Maintenance mode

 

Caching Plugin

If a site is using high quality images or too many plugins then page load times can take a hit, which is not the ideal user experience. One way to help, without reducing the quality of the images (though this is something that possibly should be on the agenda as well), is to use a caching plugin. There are two main options depending on how a site is being hosted.

Shared Hosting: WP Super Cache. While W3 Total Cache can provide a greater performance increase, WP Super Cache is easier to set up and on a shared hosting the performance difference is negligible.

Self Hosted: W3 Total Cache. To get the most out of W3 Total cache, knowledge of server-side scripting and hosting configurations is required; if this seems too challenging then WP Super Cache is the better option.

Total cache

 

Is there a plugin essential to your business? Did we miss one of your real workhorses? Let us know in the comments.

Thumbnail image via Shutterstock.

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  • Alfred Moya

    Good post but I prefer to use “Simple Tags” over YARP because it gives me related posts as well as better tag management. The plugin has a poor rating but thats only because they scaled back features and made it more stable, not because of its performance which is solid.

  • http://twitter.com/fullforceweb Full Force Web

    I like the wordpress seo and wordpress database backup, very useful.
    thanks for sharing it.

  • PixelCrayons

    Really a great list of plugins! Right now I am using all in one SEO pack plugin for SEO purpose. I would like to try the seo plugin given on this post in my new blog.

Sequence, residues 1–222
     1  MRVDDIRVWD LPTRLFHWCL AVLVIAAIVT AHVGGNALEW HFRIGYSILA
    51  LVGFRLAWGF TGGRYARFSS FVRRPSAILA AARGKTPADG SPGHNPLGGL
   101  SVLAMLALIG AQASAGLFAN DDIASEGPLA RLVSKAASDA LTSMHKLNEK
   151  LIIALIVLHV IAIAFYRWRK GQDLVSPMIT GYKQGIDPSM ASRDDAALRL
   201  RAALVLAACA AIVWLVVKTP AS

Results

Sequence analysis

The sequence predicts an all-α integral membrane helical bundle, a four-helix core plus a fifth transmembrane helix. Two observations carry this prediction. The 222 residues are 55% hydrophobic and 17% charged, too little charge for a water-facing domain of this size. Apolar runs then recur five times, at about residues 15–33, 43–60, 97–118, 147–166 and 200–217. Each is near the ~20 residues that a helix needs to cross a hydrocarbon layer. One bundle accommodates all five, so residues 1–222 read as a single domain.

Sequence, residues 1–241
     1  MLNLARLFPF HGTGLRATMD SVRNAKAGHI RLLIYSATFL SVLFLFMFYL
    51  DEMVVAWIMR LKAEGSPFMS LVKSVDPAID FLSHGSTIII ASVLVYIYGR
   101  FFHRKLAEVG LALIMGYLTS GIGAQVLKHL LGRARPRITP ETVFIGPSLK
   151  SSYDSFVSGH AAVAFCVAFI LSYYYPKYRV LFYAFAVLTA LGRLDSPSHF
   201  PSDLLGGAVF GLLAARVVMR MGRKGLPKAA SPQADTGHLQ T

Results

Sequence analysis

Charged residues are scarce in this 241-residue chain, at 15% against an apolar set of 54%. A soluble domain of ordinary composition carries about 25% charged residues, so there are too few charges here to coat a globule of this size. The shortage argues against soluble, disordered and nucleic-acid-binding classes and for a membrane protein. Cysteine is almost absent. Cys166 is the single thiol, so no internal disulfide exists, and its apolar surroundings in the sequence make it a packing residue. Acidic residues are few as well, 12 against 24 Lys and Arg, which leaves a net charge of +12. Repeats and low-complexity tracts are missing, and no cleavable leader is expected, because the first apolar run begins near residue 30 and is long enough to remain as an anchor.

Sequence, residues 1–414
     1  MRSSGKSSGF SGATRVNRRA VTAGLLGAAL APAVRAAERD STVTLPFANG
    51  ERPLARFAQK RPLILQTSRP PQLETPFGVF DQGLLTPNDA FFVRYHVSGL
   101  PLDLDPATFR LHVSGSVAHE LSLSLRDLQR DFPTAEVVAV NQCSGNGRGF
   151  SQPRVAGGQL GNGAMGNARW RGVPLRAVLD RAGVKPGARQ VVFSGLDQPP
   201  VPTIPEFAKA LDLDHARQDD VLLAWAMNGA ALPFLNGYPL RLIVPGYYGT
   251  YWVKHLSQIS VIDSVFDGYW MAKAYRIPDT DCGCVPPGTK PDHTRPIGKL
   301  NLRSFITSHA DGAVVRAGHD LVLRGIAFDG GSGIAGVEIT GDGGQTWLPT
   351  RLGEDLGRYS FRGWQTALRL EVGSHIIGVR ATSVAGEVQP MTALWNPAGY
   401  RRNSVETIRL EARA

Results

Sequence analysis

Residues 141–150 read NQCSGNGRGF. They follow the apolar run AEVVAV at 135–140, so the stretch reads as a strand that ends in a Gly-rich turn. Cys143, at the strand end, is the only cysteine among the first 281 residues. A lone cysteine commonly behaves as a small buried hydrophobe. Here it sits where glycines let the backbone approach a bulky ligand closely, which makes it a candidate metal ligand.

• http://www.ncodetechnologies.com/ Jenish Patel

    Great list of wordPress Plugins. Is there any plugins which can add contact form easily on any section of wordpress website easily? Please share if you have any good plugin for contact form.

    • http://teachingyou.net Morné

      Contact Form 7 should do the job.

      • http://www.ncodetechnologies.com/ Jenish Patel

        Thanks Morné

  • Veena wad

    very nice list you have shared with us I like all…i will try to use these plugins as it helps to add good contact and information to website very easily as per the need and requirement……

  • http://www.wpforbusinesswebsites.com/ Chris Hess

    I love “Simple 301 Redirects” and use it for almost every site I work with. I haven’t used all the other plugins so I’ll have to do some investigating. Thanks for the list.

  • jaystrab

    It is much better to put 301 redirects in your htaccess file. That way if you ever move away from WordPress or your database gets corrupted or the plugin stops working or whatever, they will still be functional.